Chinese courts are finding it increasingly difficult to legislate on Bitcoin, with various judiciaries across the nation bringing different verdicts on whether the cryptocurrency is protected by law.
The confusion arose when on May 13th, the Fujian Rule of Law News reported on a case involving a “Bitcoin themed club”. There was a dispute raised by the plaintiff, named only as Liao after he invested 500,000 yuan ($70,500) into the club.
However, once it was clear that Liao was not going to receive a high return on investment he went to the authorities and sued the operators.
The Plaintiff was left disappointed though as the Changting People’s Court dismissed his claim. The reason? Bitcoin was a virtual commodity and not something they could legislate on.
Other Chinese courts view Bitcoin differently
Liao and his lawyer must have been disappointed with this result, especially considering that previous Bitcoin-related cases had found the founding cryptocurrency to be a digital asset protected by law.
Just this month, the Shanghai No. 1 Intermediate People’s Court ruled in favour of Bitcoin being an entity they could rule on.
The case related to a foreigner and his Chinese wife, Pete and Xiolai Wang, who in 2018 were robbed of their possessions by four men in their apartment and forced to transfer their cryptocurrency savings, which included BTC and Skycoin.
After the court ruled that they should pay the funds back or the price in Yuan at the time, the robbers tried to appeal, claiming that as cryptocurrencies were not legally protected, they shouldn’t have to pay the money back.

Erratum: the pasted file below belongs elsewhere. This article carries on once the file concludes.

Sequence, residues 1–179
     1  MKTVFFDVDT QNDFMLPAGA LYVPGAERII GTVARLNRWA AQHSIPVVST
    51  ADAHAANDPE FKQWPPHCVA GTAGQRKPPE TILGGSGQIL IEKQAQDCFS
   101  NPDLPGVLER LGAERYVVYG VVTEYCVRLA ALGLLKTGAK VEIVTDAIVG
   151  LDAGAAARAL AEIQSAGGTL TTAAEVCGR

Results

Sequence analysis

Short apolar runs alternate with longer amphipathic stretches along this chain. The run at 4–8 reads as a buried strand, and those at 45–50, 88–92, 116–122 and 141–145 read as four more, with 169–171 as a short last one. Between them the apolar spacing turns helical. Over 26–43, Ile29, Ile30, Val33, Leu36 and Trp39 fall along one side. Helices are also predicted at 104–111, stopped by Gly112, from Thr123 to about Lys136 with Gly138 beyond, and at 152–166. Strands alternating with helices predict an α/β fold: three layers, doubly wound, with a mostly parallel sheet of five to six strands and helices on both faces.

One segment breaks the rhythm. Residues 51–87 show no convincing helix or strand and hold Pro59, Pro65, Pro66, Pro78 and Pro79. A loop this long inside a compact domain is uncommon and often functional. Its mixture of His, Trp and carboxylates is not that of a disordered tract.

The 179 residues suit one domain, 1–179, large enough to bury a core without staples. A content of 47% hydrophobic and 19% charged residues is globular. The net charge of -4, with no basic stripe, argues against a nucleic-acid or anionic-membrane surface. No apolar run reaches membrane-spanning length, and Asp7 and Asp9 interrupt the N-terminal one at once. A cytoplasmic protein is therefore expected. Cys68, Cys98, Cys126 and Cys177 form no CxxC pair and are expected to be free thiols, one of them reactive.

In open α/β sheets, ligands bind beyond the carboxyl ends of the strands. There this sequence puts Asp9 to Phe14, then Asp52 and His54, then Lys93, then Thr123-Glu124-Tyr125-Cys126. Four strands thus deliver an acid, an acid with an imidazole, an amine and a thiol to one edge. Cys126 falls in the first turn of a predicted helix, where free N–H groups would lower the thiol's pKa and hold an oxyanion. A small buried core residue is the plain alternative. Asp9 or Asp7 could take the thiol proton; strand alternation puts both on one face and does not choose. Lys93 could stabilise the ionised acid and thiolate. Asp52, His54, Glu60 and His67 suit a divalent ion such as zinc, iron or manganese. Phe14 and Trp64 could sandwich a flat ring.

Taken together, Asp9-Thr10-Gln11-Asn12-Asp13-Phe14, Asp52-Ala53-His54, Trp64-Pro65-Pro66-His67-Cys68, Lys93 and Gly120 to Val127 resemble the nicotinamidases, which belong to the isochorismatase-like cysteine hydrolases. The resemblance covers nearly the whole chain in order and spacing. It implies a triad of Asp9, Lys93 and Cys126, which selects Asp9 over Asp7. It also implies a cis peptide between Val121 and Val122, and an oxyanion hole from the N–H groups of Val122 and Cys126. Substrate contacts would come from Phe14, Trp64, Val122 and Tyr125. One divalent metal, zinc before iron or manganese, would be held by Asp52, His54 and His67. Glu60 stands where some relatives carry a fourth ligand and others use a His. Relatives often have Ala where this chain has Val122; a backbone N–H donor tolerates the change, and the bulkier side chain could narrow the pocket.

Yet, once again the Shanghai court ruled in the couple’s favour and ordered the criminals to pay back what they owed, effectively ruling that Bitcoin was a protected asset. As of now, the robbers have only returned the 18.88 BTC, not the Skycoin stolen.
Other instances have added weight to Bitcoin’s standing in law. In July 2019 a court in Huangzhou ruled that Bitcoin was a digital asset.
However, the often sceptical outlook and regulatory confusion exhibited by the Chinese government towards Bitcoin and other cryptocurrencies only make the judicial system’s life more difficult.
Potential fullscale regulation on Bitcoin and other digital currencies does look imminent especially with the launch of the Chinese digital currency electronic payment (DCEP). Some, like John McAfee, think this could be bad news for Bitcoin as the government could look to ban it in China.